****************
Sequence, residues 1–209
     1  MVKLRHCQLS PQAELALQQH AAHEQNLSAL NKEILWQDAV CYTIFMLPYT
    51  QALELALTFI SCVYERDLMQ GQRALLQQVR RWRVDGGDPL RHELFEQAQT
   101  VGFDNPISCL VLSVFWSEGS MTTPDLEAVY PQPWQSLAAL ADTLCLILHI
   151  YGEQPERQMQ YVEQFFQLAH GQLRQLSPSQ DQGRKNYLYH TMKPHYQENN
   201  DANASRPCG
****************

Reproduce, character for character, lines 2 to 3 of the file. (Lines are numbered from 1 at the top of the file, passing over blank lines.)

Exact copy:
     1  MVKLRHCQLS PQAELALQQH AAHEQNLSAL NKEILWQDAV CYTIFMLPYT
    51  QALELALTFI SCVYERDLMQ GQRALLQQVR RWRVDGGDPL RHELFEQAQT